• http://www.blogger.com/profile/11610849534284616756 Ross Christopher

    any movie trailer starting with "KIRK CAMERON PRESENTS" is bound to be beyond epic!

  • http://www.blogger.com/profile/10974397437648079481 Tim Suttle

    Hey… it's "television's Kirk Cameron…" there are rules :-0

  • http://www.blogger.com/profile/10913628559751779737 Katie

    Television's Kirk Cameron looks like a superhero in that first photo… all standing in front of Lady Liberty, saving all the families. I miss Mikey Seaver.

  • http://www.blogger.com/profile/10974397437648079481 Tim Suttle

    Yep, he's going to travel back in time, rescue history, then carry it back to present day in order to solve all of our problems. That's a job for a superhero, don't you think?

  • http://www.blogger.com/profile/17612227041383997608 T & T Livesay

    Wow. You were QUITE gracious. I couldn't have made it sound so loving.

    History according to (television's) Kirk Cameron? – no thanks.

  • http://www.blogger.com/profile/15647517346363958943 The Berg Family

    Ahhh, slavery, rich white guys, women not voting, rampant preventable disease, Thomas Jeffersons Bible, Growing Pains with Televisions Kirk Cameron…the past was so much better and morally superior, wasn't it?

  • Russ

    You nailed it Tim. And I also think you’re more gracious than I. But here’s my attempt at some thoughts.

    It drives me nuts when I hear people talk about today’s problems as if they’re new. Sure some issues may be more prevalent now than they were 200 years ago, but to act like everything was hunky dory “back then” is absurd. And to act like the answers can be found in a time that was so repressive for so many is dangerous.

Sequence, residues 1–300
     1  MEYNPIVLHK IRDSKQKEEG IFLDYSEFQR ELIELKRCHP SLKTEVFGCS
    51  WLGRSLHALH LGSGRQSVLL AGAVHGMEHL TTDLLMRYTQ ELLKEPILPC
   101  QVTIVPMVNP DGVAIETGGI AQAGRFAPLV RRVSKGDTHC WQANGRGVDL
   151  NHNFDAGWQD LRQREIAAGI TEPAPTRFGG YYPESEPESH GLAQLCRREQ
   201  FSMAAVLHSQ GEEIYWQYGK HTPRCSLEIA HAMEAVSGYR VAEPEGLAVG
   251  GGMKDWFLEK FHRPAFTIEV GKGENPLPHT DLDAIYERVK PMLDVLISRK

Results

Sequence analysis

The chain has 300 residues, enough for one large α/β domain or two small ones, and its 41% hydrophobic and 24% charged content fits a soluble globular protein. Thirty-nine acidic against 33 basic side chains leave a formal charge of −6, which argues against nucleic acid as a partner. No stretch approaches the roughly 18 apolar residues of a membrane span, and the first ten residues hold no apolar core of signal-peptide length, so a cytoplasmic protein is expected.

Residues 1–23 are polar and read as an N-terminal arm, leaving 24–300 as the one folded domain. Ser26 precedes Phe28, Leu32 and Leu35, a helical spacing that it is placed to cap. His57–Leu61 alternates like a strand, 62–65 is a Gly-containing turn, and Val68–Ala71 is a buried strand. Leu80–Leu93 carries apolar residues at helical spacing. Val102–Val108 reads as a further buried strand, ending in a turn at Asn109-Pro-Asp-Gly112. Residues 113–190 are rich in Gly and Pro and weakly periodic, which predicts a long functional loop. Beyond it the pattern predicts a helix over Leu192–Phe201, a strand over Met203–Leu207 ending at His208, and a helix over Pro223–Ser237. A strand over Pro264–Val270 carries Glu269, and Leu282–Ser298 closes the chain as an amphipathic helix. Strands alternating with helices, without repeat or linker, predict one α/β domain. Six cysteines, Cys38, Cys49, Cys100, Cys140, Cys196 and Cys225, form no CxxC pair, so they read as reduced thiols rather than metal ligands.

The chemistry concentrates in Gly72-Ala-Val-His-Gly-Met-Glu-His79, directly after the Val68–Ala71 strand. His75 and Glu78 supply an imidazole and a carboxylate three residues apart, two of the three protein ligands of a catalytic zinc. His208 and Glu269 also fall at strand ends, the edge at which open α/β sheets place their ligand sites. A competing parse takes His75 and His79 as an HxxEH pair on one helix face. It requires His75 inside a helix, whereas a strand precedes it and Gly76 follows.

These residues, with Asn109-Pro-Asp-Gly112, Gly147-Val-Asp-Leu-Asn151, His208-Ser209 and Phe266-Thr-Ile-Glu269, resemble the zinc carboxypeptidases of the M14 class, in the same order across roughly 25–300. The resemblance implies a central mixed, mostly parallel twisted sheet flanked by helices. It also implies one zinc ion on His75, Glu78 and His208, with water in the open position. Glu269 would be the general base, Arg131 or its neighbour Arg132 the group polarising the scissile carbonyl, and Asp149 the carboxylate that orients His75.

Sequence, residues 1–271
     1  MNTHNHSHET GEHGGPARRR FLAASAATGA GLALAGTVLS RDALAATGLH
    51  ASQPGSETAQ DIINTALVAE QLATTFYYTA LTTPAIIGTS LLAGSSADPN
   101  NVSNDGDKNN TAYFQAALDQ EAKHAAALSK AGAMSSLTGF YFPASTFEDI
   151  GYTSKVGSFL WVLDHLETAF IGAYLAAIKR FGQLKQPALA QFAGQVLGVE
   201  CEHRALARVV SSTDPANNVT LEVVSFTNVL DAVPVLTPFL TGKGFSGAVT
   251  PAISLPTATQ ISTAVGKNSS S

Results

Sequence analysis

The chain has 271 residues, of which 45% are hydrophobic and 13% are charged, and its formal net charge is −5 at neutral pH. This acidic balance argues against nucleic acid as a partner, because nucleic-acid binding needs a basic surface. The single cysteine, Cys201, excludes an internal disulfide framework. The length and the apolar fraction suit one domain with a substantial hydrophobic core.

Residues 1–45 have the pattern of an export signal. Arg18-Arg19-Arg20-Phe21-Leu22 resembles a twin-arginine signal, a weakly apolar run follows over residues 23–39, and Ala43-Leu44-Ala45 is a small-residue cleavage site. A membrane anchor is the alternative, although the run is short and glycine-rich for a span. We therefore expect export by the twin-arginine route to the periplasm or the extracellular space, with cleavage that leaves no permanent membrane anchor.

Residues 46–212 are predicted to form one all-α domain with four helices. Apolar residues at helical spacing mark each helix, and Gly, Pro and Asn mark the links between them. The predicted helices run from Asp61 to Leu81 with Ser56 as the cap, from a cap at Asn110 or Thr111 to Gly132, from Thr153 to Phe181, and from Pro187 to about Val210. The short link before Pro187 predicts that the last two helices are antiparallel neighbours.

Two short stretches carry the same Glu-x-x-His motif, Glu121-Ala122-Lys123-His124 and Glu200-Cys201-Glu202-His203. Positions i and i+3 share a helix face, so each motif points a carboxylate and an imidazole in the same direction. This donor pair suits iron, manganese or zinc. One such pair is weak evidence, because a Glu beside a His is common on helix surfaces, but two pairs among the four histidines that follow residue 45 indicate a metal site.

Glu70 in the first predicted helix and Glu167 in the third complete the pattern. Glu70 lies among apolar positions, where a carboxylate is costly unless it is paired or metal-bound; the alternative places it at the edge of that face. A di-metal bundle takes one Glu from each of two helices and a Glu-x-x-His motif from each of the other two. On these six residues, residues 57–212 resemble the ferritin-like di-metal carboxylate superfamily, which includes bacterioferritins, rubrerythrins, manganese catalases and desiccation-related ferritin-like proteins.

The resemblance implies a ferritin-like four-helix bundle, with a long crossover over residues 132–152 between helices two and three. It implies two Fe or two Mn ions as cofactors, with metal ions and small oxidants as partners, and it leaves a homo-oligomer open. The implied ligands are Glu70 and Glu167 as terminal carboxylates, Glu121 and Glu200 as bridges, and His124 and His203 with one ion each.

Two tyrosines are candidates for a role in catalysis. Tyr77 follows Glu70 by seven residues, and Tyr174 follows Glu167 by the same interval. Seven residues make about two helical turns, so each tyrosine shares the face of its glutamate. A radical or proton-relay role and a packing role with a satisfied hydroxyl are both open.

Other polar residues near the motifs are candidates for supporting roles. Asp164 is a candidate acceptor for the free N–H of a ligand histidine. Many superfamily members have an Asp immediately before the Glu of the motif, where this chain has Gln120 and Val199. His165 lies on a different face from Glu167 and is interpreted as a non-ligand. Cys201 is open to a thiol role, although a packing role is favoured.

There are many great things happening to take us forward, and I’m so thankful for them. But there’s a lot of things being said that are also moving us backwards. Like Bono once said in a song, “you glorify the past when the future dries up.”

    What does that say about this message?

    I don’t see the future dried up, I see a ripe harvest.

  • http://www.blogger.com/profile/03698978231695842070 Den

    Tim, I've already commented on this blog post on Facebook, so I won't repeat myself here. I will only say that after having seen the trailer for the movie, I am saddened even more that this movie was even made. To think that the monument that seems to be the core of the movie is the sole "solution" to our nation's problems is beyond bizarre. This attributes some sort of totem status to this monument, and makes it as close to an idol as anything I can think of. Furthermore, to imply that somehow our country has been on a deteriorating path since we lost the "national treasure" is creative storytelling of a very pernicious kind. This is once again an example of memory failure, as Cameron looks back to a past that never existed, except in his fevered imagination, as the goal that we should move toward.

    The greatest thing I have as a Christian is that I live in the real world, a world where we're all sinners, where we're all broken and fallible, and where we're all in need of grace to allow us to move toward the kingdom of our Lord. I do not want to live in a fantasy world that masquerades as the real one; that's what the Prince of Lies offers me. I refuse to listen to those falsehoods. Instead, I have to discover daily what the world will reveal about itself to me, and depend on my Lord to help me understand.

    Thanks for bringing this movie to our attention. I'm helped thereby to find something useful to do with my time that evening.

  • RichJ

    I didn’t want to waste my time reading all of your followers comments cause you all missed it. Glad I don’t go to your spiritually deceived church.